By Dominic Mason, Managing Director SEA, Sedgwick Richardson –
A sustainable packaging trend is whetting the appetites of Vietnamese street diners.
Stroll down famous food markets like Hồ Thị Kỷ or Hồ Con Rùa and you’ll see specialties wrapped in banana leaves instead of plastic boxes. Banana leaves are gaining in popularity across Asia. Not only do they decompose naturally, without needing further treatment, the leaves emit an appetising aroma that enhances the food they contain.
Change is on the menu
This is just one way sustainability is being digested by the food and beverage industry. Brands within the F&B industry are selecting from a ‘menu’ of paper, bamboo, or vegetable-fibre as alternative packaging solutions.
Rather than swapping out their takeaway packaging, many brands across Vietnam have also implemented “bring your own” initiatives. Customers bring their own mugs, steel straws, and even lunch boxes to restaurants and coffee shops.
Whether exploring sustainable materials or implementing zero-waste programmes into their operations, one fundamental take-out remains: food and beverage brands are now actively catering to consumer expectations around sustainability practices and experiences.
Organic growth opportunities
Although the pandemic impacted restaurants, cafes, and bars alike in Vietnam, long-term trends are evident. According to research conducted by Food Ingredients Vietnam, the Vietnamese spend up to 48% of their household income on food and beverage. The same research identified that local consumers may be willing to pay higher prices for environmentally conscious, organic products.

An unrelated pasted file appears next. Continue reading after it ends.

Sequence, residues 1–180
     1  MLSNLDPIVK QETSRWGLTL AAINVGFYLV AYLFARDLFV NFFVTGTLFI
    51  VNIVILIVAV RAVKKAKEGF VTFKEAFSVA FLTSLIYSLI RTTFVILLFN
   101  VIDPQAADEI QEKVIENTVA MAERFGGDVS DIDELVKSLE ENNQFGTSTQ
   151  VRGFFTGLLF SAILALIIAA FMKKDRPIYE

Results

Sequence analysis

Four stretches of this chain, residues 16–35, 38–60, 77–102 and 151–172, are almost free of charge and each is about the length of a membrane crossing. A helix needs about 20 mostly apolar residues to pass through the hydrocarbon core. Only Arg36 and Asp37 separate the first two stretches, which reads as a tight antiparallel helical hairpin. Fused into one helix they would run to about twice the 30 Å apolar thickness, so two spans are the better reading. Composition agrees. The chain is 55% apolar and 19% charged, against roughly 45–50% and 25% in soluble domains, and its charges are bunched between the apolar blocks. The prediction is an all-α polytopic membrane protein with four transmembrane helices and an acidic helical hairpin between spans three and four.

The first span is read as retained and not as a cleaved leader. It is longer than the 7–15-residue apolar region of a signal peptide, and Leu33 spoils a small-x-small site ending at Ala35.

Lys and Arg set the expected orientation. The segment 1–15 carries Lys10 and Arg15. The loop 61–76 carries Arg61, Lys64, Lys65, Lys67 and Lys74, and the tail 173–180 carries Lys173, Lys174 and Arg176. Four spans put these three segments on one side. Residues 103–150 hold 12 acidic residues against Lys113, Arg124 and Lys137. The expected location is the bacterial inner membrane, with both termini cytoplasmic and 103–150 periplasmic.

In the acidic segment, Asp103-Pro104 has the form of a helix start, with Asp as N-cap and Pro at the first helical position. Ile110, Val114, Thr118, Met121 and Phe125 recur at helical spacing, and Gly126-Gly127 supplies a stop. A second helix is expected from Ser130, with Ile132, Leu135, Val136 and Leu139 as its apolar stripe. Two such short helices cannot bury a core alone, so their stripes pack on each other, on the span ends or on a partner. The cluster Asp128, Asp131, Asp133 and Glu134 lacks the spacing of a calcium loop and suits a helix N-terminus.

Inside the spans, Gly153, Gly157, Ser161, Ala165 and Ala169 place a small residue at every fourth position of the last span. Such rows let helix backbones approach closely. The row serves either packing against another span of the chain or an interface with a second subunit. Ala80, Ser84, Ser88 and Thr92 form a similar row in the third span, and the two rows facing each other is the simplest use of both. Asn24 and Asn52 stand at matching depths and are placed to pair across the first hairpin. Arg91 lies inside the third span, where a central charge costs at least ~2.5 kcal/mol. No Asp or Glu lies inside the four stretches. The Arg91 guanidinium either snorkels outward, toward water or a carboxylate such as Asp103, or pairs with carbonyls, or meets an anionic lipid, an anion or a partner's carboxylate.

With the rise of healthy eating behaviours, consumers also desire to ensure food originates from natural and sustainable sources. The Vietnamese Government is raising awareness around food safety, food quality, and supply chain hygiene. This encourages the growing demand for organically-certified food and beverage products — for which consumers claim to be willing to pay higher prices.
It is time for brands to tap into sustainability trends by finding synergies between local food culture and sustainable market offerings and experiences that truly delight.
Appetite to stay the course
However, from our experience and observing global markets, sustainability is here to stay. A 2020 study by GlobeScan indicated that 75% of Asian consumers want to “significantly lessen their environmental footprint”.
Brands looking to meet consumer demands of the future can take a new course. Part of developing the brand strategy, integrating sustainable thinking into every aspect of the business operations could be the solution. A few food and beverage brands have opted for farm-to-table or utilising food scraps as fertiliser. The brand vision for the business is for a greener and cleaner world.
While it may come with a cost, at least initially, pivoting your brand positioning towards sustainability is an investment for the long run to nourish the longevity of brands. At the same time, inspiring behavioural change in customers involves educating internal stakeholders about what is at stake if sustainability challenges are not infused and baked into the very core of the brand.
By doing so, sustainability is no longer just a tasty snack, but a source of sustainable sustenance for brand, business, society, and environment.
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